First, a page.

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Monday, April 20th, 2015
More than 20 states have legalized marijuana in the United States, but that does not make it any less of a complicated topic. A new poll reveals that Americans are not keen on medical marijuana being used by children, or even being used around them.
The Mott National Poll on Children’s Health represented a national sample of adults in the United States—10 percent of which either have a marijuana card or know someone who does.
Almost two-thirds of people believe that medical marijuana should be used by adults, but only half as many (a third) believe that children should use it.
Related: The AAP’s Current Stance on Marijuana for Kids
Most adults (80 percent) also believe that marijuana should not be used in the presence of children, and that belief was especially strong among adults with children under the age of 18. This is not entirely surprising because the number of children who have mistakenly ingested medical marijuana products has increased as the amount of prescriptions have increased.
This poll comes only a few months after the American Academy of Pediatrics updated it’s policy on medical marijuana and acknowledged that it could be beneficial for children with “debilitating or life-limiting diseases.”
“Our findings suggest that not only is the public concerned about the use of medical marijuana among children, but that the majority of Americans worry that even exposure to it may be harmful to kids’ health,” says Matthew M. Davis, M.D., M.A.P.P., professor and director of the National Poll on Children’s Health. “As is typical with anything involving health, the public’s standards are much higher when it comes to protecting children’s health.”
Caitlin St John is an Editorial Assistant for Parents.com who splits her time between New York City and her hometown on Long Island. She’s a self-proclaimed foodie who loves dancing and anything to do with her baby nephew. Follow her on Twitter: @CAITYstjohn
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Thursday, January 29th, 2015
Legalizing marijuana across the U.S. is still an ongoing debate, and the American Academy of Pedatrics continues to oppose using it for medical (and recreational) reasons. However, the AAP is updating their policy and making a new exception: supporting marijuana only for “compassionate use in children with debilitating or life-limiting diseases.”
No official studies have been published before on how marijuana (medical or recreational) affect children, but limited research on adults have shown that prolonged use can have negative affects on: memory, concentration, motor control, coordination, sound judgment, psychological health, and lung health.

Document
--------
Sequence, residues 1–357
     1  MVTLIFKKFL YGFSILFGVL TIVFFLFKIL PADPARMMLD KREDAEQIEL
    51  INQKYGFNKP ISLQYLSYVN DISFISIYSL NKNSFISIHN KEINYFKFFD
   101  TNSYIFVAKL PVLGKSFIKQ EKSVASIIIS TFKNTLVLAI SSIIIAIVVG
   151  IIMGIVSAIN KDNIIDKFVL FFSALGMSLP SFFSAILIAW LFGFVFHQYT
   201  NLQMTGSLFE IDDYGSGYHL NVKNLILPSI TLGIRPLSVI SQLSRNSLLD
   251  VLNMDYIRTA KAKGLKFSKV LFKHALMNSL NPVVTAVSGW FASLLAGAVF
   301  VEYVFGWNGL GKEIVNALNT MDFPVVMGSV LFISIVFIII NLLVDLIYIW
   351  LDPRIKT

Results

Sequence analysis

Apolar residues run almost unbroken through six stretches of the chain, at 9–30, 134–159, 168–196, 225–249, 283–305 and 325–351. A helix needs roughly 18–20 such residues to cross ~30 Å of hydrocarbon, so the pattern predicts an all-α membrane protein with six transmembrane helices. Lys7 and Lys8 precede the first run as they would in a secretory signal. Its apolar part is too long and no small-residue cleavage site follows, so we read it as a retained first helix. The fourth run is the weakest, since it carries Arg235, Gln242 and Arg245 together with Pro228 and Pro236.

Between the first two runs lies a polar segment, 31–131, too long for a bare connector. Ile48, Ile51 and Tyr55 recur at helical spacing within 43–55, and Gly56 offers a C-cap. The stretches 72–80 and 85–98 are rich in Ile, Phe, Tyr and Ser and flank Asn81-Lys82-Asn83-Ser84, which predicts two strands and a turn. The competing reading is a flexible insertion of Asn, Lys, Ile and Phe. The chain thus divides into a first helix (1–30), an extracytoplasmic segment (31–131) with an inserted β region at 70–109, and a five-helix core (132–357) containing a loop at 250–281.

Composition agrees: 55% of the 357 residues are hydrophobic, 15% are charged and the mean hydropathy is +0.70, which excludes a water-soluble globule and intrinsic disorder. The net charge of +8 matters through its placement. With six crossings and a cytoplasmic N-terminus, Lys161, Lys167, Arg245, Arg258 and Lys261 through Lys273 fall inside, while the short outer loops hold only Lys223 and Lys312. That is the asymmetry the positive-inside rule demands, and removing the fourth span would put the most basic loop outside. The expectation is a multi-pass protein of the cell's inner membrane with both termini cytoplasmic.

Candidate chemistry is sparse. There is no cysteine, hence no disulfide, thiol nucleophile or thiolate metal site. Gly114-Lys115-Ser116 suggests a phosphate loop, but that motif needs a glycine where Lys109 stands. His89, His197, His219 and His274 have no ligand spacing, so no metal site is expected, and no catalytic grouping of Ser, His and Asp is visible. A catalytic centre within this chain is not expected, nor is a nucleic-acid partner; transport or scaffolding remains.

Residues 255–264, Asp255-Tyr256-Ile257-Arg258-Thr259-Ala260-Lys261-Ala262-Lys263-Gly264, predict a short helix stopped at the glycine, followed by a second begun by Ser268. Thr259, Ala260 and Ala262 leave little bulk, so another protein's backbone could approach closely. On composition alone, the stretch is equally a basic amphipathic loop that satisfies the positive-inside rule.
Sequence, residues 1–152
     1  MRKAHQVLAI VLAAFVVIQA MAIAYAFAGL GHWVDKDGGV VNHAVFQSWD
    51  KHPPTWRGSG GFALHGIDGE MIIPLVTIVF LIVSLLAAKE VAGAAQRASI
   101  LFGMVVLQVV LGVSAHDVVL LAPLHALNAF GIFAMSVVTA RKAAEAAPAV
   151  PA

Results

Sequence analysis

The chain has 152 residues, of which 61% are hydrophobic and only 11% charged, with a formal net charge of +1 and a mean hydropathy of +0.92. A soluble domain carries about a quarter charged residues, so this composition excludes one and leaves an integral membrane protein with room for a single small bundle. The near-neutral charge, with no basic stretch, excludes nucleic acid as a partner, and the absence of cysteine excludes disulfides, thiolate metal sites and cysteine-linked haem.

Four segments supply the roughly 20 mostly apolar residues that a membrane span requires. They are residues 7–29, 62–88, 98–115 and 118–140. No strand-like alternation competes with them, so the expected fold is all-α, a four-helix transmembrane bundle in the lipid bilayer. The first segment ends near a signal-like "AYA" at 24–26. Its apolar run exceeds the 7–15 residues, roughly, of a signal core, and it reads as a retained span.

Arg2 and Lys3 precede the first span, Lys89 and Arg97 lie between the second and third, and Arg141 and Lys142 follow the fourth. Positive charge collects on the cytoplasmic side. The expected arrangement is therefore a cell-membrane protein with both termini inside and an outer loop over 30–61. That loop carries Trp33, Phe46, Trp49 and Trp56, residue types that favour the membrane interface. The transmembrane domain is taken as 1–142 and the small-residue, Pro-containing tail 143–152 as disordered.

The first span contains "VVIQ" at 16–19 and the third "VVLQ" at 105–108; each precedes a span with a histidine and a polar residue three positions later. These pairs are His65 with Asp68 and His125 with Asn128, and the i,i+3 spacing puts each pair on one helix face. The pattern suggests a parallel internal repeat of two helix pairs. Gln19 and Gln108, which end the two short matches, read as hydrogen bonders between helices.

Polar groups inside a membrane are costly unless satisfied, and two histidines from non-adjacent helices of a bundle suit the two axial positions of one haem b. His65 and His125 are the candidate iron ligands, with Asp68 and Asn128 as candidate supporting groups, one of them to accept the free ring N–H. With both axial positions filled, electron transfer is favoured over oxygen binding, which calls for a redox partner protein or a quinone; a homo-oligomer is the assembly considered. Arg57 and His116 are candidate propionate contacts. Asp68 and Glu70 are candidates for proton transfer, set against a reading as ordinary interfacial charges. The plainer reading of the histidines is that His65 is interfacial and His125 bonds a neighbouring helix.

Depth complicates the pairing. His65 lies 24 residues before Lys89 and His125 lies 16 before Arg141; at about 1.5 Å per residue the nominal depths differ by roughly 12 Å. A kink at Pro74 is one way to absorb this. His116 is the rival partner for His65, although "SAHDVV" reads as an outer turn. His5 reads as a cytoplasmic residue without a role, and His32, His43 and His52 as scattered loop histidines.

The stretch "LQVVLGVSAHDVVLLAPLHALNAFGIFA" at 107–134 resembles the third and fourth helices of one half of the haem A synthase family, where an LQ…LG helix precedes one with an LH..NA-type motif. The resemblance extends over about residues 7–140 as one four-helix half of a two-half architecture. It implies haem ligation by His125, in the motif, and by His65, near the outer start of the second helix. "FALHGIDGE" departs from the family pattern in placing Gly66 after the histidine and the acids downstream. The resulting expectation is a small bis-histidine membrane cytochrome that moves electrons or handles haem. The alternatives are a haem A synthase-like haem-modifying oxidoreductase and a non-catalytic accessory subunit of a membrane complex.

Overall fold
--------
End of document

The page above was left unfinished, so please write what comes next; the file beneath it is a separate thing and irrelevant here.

But because research into the long-term pros and cons of marijuana use will take time, the AAP now recognizes that children with extreme cases of illness “may benefit from cannabinoids,” or the chemicals in marijuana that can help suppress pain and nausea.
However, “while cannabinoids may have potential as a therapy for a number of medical conditions, dispensing marijuana raises concerns regarding purity, dosing and formulation, all of which are of heightened importance in children,” says William P. Adelman, M.D., an author of the updated policy.
The AAP also included recommendations for protecting kids and teens who live in states that legalized marijuana, such as having federal and state governments focus more on the impact of marijuana on children, stricter rules on limiting marijuana access and marketing, and child-proof packaging.
Sherry Huang is a Features Editor for Parents.com who covers baby-related content. She loves collecting children’s picture books and has an undeniable love for cookies of all kinds. Her spirit animal would be Beyoncé Pad Thai. Follow her on Twitter @sherendipitea
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Tuesday, July 1st, 2014
As a growing number of states are legalizing marijuana or considering legislation to do so, pot’s public profile is on the rise–and so is its presence on Twitter and other social media sites. A new study published in the Journal of Medical Internet Research has found that a number of those tweets are reaching young people each day, with hundreds of thousands of American youth getting pro-pot messages through their Twitter feeds multiple times a day.
The study, which was conducted at Washington University School of Medicine in St. Louis, followed a Twitter account, Weed Tweets@stillblazintho, which has 1 million followers. Analyzing data over an 8-month period, during which time the group posted an average of 11 tweets a day, the study reported that 73 percent of the group’s followers were under age 19.
ScienceDaily has more:
“These are risky ages when young people often begin experimentation with drugs,” explained [principal investigator Patricia A.] Cavazos-Rehg, an assistant professor of psychiatry. “It’s an age when people are impressionable and when substance-use behaviors can transition into addiction. In other words, it’s a very risky time of life for people to be receiving messages like these.”